Tales of resilience from India
Indian industry has very striking examples of outstanding personalities and business tycoons who fought out their fortune during past British monarchy when the environment was not congenial and conducive for Indians to do business. The ones who succeeded in such vexing situations have had to go the extra mile to succeed. G.D Birla, Ardeshir Godrej, J.N Tata, J.R.D Tata, and Kailash Mahindra are few among the pioneers who took up that amazing and trail-blazing journey.
Still more thrilling is the resilience stories of street children in India. There are many charitable organizations, NGOs who have been taking up this task of rehabilitating them for long with wonderful results. These children are like canoes lost in the sea and you need a very sympathetic approach to bring them back to normal life. Educationists among readers will agree with me that a most significant attribute of children is their abundant resilience. Let anyone scold, harass or hurt; they might cry a bit but would soon be cheerful again, bubbling with joy! Alas, elders need only very little provocation to collapse like balloons under similar circumstances.
John Dewey, the renowned 20th century American educational philosopher, describes resilience as a sense of continuance through dynamic self-renewal. A stone when struck resists. But harder you hit it crumbles. We humans may be crushed by maladies but would resurrect from that debris, if there is a will. It is this very special aspect of life which makes us unique. Through constant renewals, life is a self-renewing experience.
What are the special attributes of resilient People? They have the ability to bounce back and recover from almost anything as stated earlier. They surely must have also a determination to make a way and create a scheme of things.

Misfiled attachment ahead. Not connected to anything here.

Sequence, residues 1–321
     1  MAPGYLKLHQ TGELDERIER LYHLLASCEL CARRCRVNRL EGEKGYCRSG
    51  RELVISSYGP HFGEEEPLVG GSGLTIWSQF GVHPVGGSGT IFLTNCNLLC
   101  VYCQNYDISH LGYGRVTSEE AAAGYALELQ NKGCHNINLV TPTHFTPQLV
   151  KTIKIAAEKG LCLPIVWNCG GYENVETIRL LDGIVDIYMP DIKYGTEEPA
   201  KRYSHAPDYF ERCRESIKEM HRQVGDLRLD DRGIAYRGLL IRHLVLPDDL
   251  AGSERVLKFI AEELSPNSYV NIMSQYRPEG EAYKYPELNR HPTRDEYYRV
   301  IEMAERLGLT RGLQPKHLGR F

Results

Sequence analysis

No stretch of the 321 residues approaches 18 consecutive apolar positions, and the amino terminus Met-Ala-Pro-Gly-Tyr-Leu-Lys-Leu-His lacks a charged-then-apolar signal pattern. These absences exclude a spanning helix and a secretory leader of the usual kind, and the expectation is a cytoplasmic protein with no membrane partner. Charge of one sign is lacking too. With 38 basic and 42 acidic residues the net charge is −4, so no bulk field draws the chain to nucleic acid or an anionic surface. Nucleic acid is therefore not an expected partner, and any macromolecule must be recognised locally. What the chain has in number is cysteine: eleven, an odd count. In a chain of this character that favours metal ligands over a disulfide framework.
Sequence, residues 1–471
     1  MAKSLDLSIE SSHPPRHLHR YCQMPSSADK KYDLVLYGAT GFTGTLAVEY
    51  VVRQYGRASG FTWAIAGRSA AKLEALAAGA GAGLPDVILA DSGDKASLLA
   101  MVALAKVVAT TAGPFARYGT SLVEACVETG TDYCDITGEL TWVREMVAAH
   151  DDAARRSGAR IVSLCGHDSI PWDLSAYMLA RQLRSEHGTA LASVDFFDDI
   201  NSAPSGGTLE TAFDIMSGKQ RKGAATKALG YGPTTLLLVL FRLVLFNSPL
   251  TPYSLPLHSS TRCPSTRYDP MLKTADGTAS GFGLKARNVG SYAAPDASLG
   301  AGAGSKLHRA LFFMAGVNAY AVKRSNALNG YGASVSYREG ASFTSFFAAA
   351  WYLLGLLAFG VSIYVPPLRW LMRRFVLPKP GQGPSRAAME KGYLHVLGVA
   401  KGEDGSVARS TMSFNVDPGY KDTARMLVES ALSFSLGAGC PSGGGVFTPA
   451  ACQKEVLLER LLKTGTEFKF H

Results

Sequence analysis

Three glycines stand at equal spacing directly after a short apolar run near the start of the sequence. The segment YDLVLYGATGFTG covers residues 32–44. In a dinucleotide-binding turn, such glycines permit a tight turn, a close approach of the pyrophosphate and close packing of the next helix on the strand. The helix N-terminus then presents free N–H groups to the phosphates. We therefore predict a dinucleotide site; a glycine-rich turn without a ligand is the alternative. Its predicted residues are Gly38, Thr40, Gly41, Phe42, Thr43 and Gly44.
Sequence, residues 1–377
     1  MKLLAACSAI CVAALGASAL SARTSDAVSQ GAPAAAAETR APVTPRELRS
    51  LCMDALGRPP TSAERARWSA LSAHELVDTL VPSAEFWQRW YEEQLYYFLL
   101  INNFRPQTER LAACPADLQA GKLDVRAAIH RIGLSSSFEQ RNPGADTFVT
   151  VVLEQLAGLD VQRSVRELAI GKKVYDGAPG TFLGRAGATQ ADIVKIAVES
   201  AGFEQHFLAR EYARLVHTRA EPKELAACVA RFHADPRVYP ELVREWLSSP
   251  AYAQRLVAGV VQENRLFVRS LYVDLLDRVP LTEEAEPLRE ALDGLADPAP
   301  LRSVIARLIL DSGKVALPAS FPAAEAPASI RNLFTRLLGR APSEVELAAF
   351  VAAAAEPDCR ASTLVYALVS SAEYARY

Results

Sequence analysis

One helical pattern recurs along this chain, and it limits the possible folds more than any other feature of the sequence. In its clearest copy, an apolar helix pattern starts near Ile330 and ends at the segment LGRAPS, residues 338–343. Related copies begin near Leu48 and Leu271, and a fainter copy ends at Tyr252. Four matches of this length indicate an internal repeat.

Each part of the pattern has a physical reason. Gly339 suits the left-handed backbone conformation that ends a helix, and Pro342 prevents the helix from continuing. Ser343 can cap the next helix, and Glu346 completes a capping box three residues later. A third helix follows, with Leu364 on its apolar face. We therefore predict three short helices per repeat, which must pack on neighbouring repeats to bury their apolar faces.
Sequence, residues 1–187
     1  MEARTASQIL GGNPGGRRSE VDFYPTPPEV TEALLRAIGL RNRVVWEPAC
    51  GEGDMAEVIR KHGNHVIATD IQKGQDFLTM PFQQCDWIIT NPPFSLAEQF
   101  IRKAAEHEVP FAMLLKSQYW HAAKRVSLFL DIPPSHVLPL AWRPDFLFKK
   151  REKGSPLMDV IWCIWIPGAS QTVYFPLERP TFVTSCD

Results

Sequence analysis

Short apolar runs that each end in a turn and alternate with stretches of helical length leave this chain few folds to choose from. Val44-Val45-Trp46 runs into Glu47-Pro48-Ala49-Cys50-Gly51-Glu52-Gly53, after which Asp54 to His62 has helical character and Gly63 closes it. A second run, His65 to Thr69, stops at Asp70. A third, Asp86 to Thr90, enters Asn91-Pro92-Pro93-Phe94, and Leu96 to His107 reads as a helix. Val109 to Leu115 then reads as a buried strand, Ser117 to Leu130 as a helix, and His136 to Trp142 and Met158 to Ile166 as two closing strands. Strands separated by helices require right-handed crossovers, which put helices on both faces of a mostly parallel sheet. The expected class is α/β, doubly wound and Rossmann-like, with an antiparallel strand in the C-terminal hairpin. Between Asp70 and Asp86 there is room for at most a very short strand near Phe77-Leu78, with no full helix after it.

The miraculous power to survive
Many of the early theories about resilience stressed the role of genetics. Some people are just born with a resilient gene. There’s some truth there, but plenty of studies reveal this can be taught and acquired. Survivors of calamities and abandoned children learn fast to come back. Environmental factors do come into play. People, opportunities, and atmospheres all add to the resilience formula.
Perseverance, when confronted with adversities, is crucial for life. Hardships and deterrents are rub stones to test our resilience, to enable us to focus on our purpose. When we are shattered here is a magic glue for survival- to empower our survival mechanism.
As a final message let us take the words of Megan Street. “Remember an arrow can only be shot by pulling it backward; so when you feel like life is dragging you down with difficulties, it simply means that it’s going to launch you to something great. So just focus and keep aiming”.
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ABOUT THE AUTHOR
Jose Vazhuthanapilly, Bsc., LLB, DBM, CAIIB retired in 2008 as AGM from State Bank of India. He had worked as a visiting faculty in the Bank’s Staff Training Centers for 5 years. He is a writer with 20 books to his credit including books on self-help/psychology. He resides in Ernakulum, Kochi. He is active also in the social service. He can be contacted at Josevazhuthanapilly@gmail.com